Pilot's tip of the week

PIREPs: What to Report


Subscriber question:

"The other day a PIREP really made the difference for me in launching for a flight. It's motivated me to give them. What kind of conditions should GA pilots report?" — Keith F.


“Just think about all those occasions when we have encountered unforecast weather. Why not take just a few seconds to share this information with Air Traffic or Flight Service so that everyone benefits?

I’ve mentioned countless times how impressed I am when riding in the cockpit of airliners, how active the pilots are trying to find the smoothest ride for their customers. By requesting and getting ride reports (turbulence), we the passengers benefit greatly.

But even more important than ride reports are cloud tops, bottoms and inflight visibility reports that are seldom given. Very crucial to flight safety are wind shear reports. Why not provide that information to the pilots lined up behind us on final approach?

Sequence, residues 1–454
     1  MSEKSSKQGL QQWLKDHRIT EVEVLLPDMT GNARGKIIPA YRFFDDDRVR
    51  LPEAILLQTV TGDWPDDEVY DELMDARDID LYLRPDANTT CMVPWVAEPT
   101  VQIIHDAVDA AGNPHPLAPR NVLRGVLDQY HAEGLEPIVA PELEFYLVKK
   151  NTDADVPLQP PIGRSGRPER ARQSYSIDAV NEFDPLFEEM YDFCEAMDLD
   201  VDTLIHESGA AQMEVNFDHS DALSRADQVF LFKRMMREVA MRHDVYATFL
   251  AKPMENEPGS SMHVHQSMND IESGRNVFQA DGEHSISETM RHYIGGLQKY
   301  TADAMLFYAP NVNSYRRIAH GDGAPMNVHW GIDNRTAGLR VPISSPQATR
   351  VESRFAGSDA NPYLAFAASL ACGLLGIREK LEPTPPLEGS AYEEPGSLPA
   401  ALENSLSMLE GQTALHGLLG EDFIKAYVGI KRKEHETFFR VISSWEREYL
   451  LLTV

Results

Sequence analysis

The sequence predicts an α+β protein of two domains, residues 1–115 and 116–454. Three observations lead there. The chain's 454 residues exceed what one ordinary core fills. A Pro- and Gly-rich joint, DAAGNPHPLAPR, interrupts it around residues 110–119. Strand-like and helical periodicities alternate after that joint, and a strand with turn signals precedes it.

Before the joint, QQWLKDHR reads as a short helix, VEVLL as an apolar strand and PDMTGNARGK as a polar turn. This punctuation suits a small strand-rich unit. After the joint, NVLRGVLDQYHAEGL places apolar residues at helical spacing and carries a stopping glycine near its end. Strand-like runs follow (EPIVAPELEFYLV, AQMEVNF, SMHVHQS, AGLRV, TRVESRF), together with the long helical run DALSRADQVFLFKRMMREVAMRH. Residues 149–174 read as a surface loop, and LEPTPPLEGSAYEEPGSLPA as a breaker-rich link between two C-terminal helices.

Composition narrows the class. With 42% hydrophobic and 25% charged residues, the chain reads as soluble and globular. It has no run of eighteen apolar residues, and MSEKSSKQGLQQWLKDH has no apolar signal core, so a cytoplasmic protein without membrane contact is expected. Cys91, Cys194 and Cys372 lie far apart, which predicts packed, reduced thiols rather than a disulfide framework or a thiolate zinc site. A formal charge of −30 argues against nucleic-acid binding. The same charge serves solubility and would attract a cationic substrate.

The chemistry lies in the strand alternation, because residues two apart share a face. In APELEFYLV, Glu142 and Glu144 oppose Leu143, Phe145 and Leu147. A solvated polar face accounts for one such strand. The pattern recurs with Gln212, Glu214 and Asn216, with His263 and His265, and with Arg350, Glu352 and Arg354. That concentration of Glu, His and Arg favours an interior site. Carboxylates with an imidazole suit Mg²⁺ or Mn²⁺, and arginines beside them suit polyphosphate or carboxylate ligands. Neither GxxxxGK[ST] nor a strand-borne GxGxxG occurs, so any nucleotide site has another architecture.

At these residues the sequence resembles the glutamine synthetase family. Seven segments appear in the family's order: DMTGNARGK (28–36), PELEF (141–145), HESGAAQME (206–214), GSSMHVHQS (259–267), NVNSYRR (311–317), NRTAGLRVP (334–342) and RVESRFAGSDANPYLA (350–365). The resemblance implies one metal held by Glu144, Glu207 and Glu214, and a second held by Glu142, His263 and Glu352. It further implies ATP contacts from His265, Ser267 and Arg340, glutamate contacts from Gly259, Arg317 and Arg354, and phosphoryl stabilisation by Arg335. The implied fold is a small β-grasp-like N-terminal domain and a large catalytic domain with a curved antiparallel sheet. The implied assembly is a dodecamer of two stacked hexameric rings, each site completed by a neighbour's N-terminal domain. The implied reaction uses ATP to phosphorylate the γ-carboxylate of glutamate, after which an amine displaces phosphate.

Wouldn’t it be nice to have braking action information before we touch down on a slick runway? How about unreported enroute icing? It would be really nice to have that information.

We have the opportunity to remove a lot of unknowns in our aviation weather system by participating in this valuable, free resource. That’s what the pros do.”

You don’t have to call Flight Service to give a PIREP…

Watch this short video from the Air Safety Institute and see how easy it can be.

What prevents you from filing PIREPs?

(Note: options have been slightly edited due to early feedback from readers. Thanks for that. — Moderator)

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